These are the kind of views that seek to compare the effect of death penalty in different countries; for instance, the effect on the judicial and political systems. It attempts to make a discovery and a description of how cultural and social values affect the views of citizens towards capital punishment and how these views determine whether or not a capital punishment should be carried out. It is almost always argued that democratic countries do not practice death penalty but this has turned out to be wrong since countries such as America and others in South East Asia are on the front line. Countries that still embrace capital punishment have been said to be uncivilized that is abolition of this act has been followed in many states around the world. However, there can be ways that such countries can carry out death penalties in ways that are more humane and still progress in civilization. Therefore, it not only depends on the kind of views that the government has, but a large part of the votes goes to the opinions and citizens of the country since they are a driving force of any country. A comparative perspective is important in that it demonstrates how death penalty is alive or how dead it is in countries around the world; how the images of the victims that undergo state killing that are released in the media are responded to by other states, the feedback received on capital punishment and its abolition.
Comparative views in Europe and America
The Europeans, as earlier mentioned, distanced itself from death penalty a long time ago but some countries in the region still practice it occasionally. Europe is more interested in the definition of its identity and its population that is why it abolished the death penalty. By eliminating capital crime it defines itself as a region that is civilized and making progress as compared to other nations that practice it and are lagging behind in civilization. It claims that since it is a democratic state, then that should give it the more urge to fight the gruesome way of killing convicts that commit capital crimes. In fact, convicts have, in the past, escaped to this part of the world, especially those from America, in the attempt to avoid the death row. In regard to that, since the Europeans have been known as anti-capital punishment, their identity has been associated with the stance of an abolitionist.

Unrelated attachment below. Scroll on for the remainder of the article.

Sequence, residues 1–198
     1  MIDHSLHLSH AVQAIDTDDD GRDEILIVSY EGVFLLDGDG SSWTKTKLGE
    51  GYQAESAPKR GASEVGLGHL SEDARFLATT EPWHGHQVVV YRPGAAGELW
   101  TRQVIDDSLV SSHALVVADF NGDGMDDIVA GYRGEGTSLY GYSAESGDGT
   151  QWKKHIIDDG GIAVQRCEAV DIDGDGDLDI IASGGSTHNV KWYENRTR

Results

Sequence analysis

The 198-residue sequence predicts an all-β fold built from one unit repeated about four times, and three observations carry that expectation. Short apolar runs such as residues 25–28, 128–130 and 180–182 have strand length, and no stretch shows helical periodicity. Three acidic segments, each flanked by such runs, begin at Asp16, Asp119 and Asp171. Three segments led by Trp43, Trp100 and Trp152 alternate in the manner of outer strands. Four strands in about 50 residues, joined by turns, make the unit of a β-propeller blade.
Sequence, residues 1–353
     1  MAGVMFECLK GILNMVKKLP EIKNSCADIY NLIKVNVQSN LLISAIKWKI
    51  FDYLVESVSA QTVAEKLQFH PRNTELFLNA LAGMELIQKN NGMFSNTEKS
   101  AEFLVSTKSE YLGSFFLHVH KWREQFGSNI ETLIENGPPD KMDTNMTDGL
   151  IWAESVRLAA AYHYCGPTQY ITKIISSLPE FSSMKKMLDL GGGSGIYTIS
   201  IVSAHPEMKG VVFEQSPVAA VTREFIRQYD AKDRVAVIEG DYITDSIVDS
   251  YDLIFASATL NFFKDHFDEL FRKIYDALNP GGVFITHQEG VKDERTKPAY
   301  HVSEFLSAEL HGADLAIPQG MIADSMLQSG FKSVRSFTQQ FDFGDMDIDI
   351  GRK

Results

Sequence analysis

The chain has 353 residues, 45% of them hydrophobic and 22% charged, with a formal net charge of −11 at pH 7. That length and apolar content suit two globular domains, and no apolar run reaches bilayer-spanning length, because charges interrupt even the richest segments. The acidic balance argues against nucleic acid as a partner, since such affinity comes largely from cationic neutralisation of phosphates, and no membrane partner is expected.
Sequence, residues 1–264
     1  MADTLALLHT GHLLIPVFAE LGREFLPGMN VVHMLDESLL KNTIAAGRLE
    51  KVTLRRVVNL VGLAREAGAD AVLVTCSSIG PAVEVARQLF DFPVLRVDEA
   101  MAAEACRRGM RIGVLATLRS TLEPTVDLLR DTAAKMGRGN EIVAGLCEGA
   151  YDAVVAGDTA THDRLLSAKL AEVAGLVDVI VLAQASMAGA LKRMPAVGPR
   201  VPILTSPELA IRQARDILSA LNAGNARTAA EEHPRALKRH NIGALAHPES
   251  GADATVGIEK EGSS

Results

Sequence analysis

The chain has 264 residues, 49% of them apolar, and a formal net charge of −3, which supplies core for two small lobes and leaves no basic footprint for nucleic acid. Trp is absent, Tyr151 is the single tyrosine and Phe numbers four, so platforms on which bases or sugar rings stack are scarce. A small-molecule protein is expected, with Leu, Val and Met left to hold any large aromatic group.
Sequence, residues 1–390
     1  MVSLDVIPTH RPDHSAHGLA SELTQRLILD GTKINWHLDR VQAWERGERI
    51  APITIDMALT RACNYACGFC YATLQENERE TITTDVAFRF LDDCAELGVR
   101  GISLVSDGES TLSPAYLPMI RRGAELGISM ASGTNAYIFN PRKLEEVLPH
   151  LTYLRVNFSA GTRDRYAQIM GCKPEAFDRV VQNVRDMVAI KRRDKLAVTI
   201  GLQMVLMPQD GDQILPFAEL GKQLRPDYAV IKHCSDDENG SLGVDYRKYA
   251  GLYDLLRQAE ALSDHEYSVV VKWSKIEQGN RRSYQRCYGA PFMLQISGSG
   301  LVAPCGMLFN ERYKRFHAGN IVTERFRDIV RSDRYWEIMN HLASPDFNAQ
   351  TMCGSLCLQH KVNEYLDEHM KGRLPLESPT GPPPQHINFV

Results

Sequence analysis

This subject has also revolved around the politics of Europe and most of its trade agreements especially those involving the global market. Groups against death penalty have also been formed and Europe has succeeded in using this as a condition of countries to be members of such groups in order to, for instance, do trade with them.
In line with that thought, Europe has been heard to criticize the Americans a great deal since they are still involved in capital punishment. On the other hand, America has demonstrated cultural differences and diverse regional interests which is the likely reason as to why it still is involved in death penalty. Furthermore, despite the European argument that a country shows civilization and progress if it abolishes death penalty, the United States has defied this argument, since it has shown progress economically, culturally and socially despite the fact that it shows interests in capital punishment.
India is a country that also practices death penalty. The system of legality in India is known to be slow and inflexible. This has led to loss of the confidence they had on this country, especially its citizens. In addition to that, the slowness and inefficiency of India’s legal system has resulted in the increased rate of planned crimes and the intentional killings of criminals by shoot-outs done by the police which is definitely illegal since it is not on the hands of police officers to carry out murder but the court to determine whether the victims deserve to be killed. This has given rise to interesting results. It is quite ironic that India allows capital punishment but the whole process of effecting it is very slow and disorganized but, on the contrary, the shoot-outs done by the police, though illegal, are not only quick, but also efficient. This shows the effect of culture on the death penalty.
During the Soviet rule, there was a popular increase in death penalty. Therefore, public opinion thought that the citizens would grow to hate death penalty but this was not the case. This happened because when the Soviet Union pulled itself away from Kyrgyzstan, there followed long periods of lawlessness hence leading to the creation of an environment where unlawful killings took place such as the occurrence of death in odd places such as prisons. Such deaths escalated up to a point whereby they overtook the number of executions that were constituted by the government. Interestingly, the government of the Soviet Union disassociates itself from death penalty but in the real sense, it carries out other killings. It does this with the intention of gaining the favor of the international regions.